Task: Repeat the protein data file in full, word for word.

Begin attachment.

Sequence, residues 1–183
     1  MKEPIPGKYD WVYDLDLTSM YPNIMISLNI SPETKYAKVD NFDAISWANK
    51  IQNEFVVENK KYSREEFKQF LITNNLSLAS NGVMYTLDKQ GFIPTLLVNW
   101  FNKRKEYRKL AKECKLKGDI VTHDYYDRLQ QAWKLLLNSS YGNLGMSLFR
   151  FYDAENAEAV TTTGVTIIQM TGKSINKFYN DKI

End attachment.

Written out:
Sequence, residues 1–183
     1  MKEPIPGKYD WVYDLDLTSM YPNIMISLNI SPETKYAKVD NFDAISWANK
    51  IQNEFVVENK KYSREEFKQF LITNNLSLAS NGVMYTLDKQ GFIPTLLVNW
   101  FNKRKEYRKL AKECKLKGDI VTHDYYDRLQ QAWKLLLNSS YGNLGMSLFR
   151  FYDAENAEAV TTTGVTIIQM TGKSINKFYN DKI